Our species conservation research lab is responsible for scientific research in Tallinn Zoo. The necessity to establish such a lab came from the management of European mink captive population as well as from the actions aiming to establish a safe European mink population in Hiiumaa Island.
This establishment of European mink island population and its management are the most outstanding achievements of our lab in the field of practical species conservation.
In research, our lab collaborates with various universities and research institutions. Our partners have been, among others, the Estonian University of Life Sciences, the Tallinn University and the University of Tartu, the University of Veterinary Medicine in Vienna, the Kuopio University, the Helsinki University and the Stockholm University.
Our lab has a very close collaboration also with the foundation “Lutreola”. In 2014, the lab moved into new building. The construction was funded by project called “Tallinn Zoo and Species Conservation Laboratory“.
During 2016 and 2017, a new complex for European mink captive population will be constructed. This project also funds the acquisition of DNA laboratory equipment for our lab. The funding for these actions comes from project „European mink breeding facility and equipment for DNA lab”.
Since 2015, our lab develops research in three directions. These are (a) the species conservation (b) animal well-fare and (c) genetic forensic. The research focuses into four areas:
1. Reintroduction biology – The model for research is the establishment of island population for critically endangered European mink in Hiiumaa Island. The possibility to integrate research ex situ and in situ provides us with unique opportunities to study in depth the process of restoration and establishment of wild populations.
2. Ex situ populations: biology and reproduction. Our lab maintains and manages the ex situ population of over 100 European mink and the European mink EEP (European Endangered Species Program) program (link: lutreola). This provides us an excellent opportunities to study various questions related to maintaining wild animals in captivity.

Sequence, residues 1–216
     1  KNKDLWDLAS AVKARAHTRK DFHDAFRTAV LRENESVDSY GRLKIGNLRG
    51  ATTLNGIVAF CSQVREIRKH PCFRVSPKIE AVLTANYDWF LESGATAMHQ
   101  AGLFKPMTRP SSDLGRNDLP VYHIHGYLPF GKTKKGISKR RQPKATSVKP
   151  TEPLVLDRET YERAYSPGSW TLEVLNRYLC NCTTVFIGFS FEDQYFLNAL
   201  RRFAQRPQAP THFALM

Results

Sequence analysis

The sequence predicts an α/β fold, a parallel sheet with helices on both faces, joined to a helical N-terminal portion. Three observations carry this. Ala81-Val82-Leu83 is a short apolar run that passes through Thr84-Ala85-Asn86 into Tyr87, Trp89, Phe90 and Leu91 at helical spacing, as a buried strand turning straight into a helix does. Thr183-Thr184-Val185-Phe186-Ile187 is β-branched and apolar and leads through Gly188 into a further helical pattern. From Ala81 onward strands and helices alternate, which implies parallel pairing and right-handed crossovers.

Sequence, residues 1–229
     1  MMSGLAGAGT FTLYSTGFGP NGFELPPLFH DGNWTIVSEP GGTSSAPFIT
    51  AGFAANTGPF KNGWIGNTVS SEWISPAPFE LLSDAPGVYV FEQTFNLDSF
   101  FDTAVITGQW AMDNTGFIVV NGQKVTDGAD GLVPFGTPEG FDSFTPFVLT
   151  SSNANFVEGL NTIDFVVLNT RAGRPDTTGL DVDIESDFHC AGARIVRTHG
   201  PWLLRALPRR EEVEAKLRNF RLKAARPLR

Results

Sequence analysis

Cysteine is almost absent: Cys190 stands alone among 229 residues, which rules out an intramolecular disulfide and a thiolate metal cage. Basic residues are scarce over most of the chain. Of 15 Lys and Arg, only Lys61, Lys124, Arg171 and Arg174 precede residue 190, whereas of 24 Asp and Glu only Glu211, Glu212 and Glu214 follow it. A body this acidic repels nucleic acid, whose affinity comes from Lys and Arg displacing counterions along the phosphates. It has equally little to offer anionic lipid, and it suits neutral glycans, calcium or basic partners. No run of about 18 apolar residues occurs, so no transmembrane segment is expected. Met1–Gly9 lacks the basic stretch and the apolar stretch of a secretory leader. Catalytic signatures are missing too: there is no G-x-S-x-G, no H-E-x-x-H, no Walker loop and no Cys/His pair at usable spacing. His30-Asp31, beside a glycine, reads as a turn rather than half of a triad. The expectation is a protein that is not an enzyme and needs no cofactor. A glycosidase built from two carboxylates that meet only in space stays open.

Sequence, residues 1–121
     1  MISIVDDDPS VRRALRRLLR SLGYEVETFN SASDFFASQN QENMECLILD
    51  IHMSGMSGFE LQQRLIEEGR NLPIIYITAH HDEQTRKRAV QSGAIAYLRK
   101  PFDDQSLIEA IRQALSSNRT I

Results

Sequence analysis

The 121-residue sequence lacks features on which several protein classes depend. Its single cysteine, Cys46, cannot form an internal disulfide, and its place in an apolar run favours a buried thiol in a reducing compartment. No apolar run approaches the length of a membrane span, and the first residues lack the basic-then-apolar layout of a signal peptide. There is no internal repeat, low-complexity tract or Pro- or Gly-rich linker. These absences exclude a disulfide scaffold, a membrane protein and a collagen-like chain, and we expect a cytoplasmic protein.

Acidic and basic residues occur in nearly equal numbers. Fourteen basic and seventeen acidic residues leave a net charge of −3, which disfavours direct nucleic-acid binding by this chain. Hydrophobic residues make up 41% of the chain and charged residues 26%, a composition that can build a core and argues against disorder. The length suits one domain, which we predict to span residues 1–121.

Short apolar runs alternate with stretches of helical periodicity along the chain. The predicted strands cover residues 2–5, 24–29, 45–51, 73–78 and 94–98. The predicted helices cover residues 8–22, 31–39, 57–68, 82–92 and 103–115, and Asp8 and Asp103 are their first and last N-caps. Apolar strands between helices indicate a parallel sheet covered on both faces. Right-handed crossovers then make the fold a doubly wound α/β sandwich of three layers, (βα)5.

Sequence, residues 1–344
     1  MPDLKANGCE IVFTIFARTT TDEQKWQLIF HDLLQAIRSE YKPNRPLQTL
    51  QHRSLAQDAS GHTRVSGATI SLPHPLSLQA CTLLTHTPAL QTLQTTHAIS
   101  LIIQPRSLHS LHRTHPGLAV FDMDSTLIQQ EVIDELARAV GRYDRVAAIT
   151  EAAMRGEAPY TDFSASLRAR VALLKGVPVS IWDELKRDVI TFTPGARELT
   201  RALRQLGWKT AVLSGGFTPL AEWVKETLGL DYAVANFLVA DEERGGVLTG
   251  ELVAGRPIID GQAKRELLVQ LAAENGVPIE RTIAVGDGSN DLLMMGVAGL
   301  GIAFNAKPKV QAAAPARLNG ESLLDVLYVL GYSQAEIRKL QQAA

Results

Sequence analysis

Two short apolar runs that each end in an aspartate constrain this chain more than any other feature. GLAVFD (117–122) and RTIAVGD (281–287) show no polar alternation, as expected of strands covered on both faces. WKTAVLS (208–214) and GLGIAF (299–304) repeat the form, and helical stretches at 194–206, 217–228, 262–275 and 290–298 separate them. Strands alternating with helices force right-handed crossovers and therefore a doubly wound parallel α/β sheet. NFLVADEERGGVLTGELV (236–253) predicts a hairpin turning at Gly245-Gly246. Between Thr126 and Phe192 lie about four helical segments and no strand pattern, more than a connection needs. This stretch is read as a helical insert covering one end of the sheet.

3. Animal well-fare. This is relatively new area for the lab, it includes elaboration of environmental enrichment in our zoo and looking into possibilities for applying animal training methods to enhance animal husbandry and welfare in captivity.
4. Genetic forensic analyses. This is also a new developing direction for us. We wish to provide genetic forensic help to practical conservation issues both in situ and ex situ.
In addition, the lab analyses our zoo species collection and keeps animal records in global on-line zoological information database (www.zims.org).
Photo: Tiit Maran
More about European mink here.
The laboratory cooperates with the IUCN Species Survival Commission (IUCN SSC). In 2014, our lab organized IUCN SSC meeting in Tallinn. The materials of the meeting are available here. There is also a close cooperation between our lab and the IUCN Redlist authorities.
The list of articles prepared with the involvement of our lab are here.
The head of the lab is Tiit Maran (PHD).